JUAN ALFONSO DE BAENA CANCIONERO PDF

Montoro was a used-clothes dealer called a ropero who also enjoyed wealthy patrons and used his talent at self-deprecating rhymes that highlighted his unfortunate appearance and Jewish blood. This practice was also sometimes utilized by conversos when they took on Christian names. Baena is said to have converted from Judaism to Christianity as a result of the first pogroms in , making him one of the many conversos who converted during this era. In the kind of poems Baena and his fellow court fools wrote, the object was often to be as self-depreciating as possible with the ultimate goal of making the court, especially the royal family, laugh.

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Montoro was a used-clothes dealer called a ropero who also enjoyed wealthy patrons and used his talent at self-deprecating rhymes that highlighted his unfortunate appearance and Jewish blood. This practice was also sometimes utilized by conversos when they took on Christian names.

Baena is said to have converted from Judaism to Christianity as a result of the first pogroms in , making him one of the many conversos who converted during this era. In the kind of poems Baena and his fellow court fools wrote, the object was often to be as self-depreciating as possible with the ultimate goal of making the court, especially the royal family, laugh.

As judino spelled indino in the original manuscript is a pejorative term for Jew in Spanish, it is evident that even Baena himself admitted to and identified with his heritage, even in formal matters. Also customary for jester-poets like Baena were feuds, called poetic debates, performed for court amusement but sometimes in earnest, among the authors, dueled through fixed-rhymed poems requestas that pit poet against poet that became increasingly absurd insults the longer they went on.

These include references to eggplants, a vegetable that had become a stereotypical identifier of Jewish and Muslim food during this era. The Surviving 15th Century Manuscript of Cancionero de Baena The particular Cancionero in question, the one compiled by Baena, consists of poems composed by 56 poets.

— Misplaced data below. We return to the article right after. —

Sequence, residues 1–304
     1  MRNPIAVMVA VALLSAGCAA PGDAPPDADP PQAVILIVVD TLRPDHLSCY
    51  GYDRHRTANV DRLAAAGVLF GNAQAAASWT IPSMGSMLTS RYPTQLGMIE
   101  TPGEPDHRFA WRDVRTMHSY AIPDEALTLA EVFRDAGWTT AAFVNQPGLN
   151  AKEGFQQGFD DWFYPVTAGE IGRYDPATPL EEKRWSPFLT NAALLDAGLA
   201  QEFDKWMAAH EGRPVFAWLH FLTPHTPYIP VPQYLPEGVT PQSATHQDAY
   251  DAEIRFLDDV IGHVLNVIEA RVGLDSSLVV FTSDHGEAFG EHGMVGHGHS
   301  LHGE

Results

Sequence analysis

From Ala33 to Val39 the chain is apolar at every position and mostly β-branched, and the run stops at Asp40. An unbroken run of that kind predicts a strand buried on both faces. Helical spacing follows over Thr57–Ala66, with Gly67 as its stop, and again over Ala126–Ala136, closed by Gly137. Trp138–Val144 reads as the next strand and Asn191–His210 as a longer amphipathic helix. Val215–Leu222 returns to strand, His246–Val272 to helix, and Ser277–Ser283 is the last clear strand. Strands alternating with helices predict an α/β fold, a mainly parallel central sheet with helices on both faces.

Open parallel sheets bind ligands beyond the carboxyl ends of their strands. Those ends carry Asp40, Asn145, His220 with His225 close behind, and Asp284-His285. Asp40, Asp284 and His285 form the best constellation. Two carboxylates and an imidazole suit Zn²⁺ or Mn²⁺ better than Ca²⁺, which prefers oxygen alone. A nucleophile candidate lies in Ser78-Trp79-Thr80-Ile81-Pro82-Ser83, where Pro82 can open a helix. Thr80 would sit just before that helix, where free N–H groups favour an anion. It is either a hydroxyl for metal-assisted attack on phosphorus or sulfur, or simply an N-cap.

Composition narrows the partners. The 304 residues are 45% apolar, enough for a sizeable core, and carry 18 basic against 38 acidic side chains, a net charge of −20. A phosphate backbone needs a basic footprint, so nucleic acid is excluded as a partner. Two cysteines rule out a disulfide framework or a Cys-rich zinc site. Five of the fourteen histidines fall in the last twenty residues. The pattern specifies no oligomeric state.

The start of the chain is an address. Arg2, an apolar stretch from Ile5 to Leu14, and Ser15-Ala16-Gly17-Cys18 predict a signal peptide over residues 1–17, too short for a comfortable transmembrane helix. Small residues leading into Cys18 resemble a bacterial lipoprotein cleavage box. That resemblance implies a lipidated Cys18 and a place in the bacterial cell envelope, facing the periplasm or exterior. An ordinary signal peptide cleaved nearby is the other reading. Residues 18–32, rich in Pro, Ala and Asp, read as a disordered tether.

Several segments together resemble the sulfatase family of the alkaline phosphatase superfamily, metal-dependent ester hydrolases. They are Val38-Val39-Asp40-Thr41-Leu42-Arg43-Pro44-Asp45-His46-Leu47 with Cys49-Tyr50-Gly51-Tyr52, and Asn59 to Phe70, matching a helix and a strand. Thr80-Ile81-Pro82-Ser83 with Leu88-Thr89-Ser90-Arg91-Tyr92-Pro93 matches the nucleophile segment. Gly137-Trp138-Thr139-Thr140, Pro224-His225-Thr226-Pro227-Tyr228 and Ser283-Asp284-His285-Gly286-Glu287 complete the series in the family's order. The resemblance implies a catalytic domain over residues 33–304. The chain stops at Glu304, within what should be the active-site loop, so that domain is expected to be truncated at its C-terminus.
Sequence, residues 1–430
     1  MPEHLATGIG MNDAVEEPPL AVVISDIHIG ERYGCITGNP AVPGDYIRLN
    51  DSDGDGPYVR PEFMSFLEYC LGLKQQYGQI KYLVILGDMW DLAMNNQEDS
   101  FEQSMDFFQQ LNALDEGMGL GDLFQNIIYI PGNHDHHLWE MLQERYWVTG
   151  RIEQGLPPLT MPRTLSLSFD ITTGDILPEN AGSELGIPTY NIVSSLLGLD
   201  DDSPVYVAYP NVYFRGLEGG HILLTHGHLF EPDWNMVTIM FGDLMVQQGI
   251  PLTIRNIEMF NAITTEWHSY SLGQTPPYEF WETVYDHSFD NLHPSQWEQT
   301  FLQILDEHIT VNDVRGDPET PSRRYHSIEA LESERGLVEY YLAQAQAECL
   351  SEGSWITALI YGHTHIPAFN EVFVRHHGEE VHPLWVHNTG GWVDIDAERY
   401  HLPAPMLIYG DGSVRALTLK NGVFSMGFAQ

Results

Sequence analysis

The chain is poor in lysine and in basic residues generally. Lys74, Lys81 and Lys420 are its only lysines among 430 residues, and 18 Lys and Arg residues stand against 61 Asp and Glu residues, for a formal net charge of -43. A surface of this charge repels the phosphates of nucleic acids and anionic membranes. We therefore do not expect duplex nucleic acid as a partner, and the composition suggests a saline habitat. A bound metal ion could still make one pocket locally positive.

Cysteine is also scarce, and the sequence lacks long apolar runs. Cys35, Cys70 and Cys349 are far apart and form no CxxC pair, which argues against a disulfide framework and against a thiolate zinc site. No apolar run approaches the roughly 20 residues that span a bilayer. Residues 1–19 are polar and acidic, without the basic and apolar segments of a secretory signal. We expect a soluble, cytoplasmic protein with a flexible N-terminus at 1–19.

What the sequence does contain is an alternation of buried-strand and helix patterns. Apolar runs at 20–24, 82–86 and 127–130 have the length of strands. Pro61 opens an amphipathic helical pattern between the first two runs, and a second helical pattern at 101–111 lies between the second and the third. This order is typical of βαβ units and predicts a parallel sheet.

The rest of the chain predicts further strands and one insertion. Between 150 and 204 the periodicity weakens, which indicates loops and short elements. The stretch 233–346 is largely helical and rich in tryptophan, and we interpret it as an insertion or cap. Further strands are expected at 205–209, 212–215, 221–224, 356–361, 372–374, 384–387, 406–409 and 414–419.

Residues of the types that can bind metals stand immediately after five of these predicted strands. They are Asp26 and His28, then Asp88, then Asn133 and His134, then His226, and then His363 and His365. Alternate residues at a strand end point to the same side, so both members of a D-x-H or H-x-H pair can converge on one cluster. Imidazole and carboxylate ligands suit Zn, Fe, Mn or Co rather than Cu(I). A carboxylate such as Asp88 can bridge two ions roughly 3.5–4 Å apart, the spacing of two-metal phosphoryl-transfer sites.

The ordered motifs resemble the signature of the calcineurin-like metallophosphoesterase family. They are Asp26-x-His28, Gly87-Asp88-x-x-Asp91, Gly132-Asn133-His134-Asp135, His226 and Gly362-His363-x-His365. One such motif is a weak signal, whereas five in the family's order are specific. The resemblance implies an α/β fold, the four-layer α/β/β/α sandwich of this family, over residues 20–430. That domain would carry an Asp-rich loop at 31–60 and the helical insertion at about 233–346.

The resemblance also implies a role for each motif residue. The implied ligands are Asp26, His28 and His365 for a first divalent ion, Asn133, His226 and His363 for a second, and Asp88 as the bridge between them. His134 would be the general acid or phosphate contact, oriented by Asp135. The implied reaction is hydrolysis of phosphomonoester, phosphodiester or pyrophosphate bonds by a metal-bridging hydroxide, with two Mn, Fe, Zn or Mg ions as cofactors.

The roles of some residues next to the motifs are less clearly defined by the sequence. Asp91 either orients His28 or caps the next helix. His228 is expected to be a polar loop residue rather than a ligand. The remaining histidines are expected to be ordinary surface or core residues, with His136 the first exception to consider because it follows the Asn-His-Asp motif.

Canciones de amor, poetic debates, and moralizing texts make up the three main genres of the anthology. It is the first prologue of an anthology to also serve as literary criticism. Publishing History[ edit ] The only surviving manuscript of the cancionero is housed in the National Library of France in Paris.

It is a copy that dates from approximately , 20 to 40 years after the original was composed and presented to Juan II. In fact, one of his largest and most interesting pieces is found in this particular cancionero. Called Dezir, it is a poem of verses. Baena was not only a gifted compiler, poet, and jester, he also composed political works that showed a greater depth of knowledge and intellect than previously speculated.

And this is what Baena and many others did, seizing every opportunity to make fun of their own Jewish blood and former faith. Here, Baena invokes both Jewish stereotypes and courtly distinctions of high and low classes in a way that can be perceived to mock most obviously, himself, but to a degree the court itself.

Baena: Ayuntamiento de Baena. Retrieved 14 June Editorial Universidad de Sevilla in Spanish. Hispanic Review. University of Pennsylvania Press. Jewish Social Studies. Indiana University Press.

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Juan Alfonso de Baena

He was "escribano escribiente" notarial secretary at the court of John II. Under the title "Cancionero del Judino Juan Alfonso de Baena," he collected the productions of the poetical coterie of the courts of John I. This "Cancionero," or song-book, is the oldest Castilian and the only court song-book of the country, and it contains the poems written mostly for special occasions of fifty-five authors, all belonging to the Sevillan school of poetry, as distinguished from the Valencian school. Among these poets are a number of Maranos—Pero Ferrus, one of the oldest but also the most decadent of them all; Garci Fernandez de Jerena, and others—who wrote malicious satirical songs about their former coreligionists. De Baena, "this Judino" as he was called, was well versed in the poetry of his country, particularly so in satire and poetical letters.

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Cancionero de Baena

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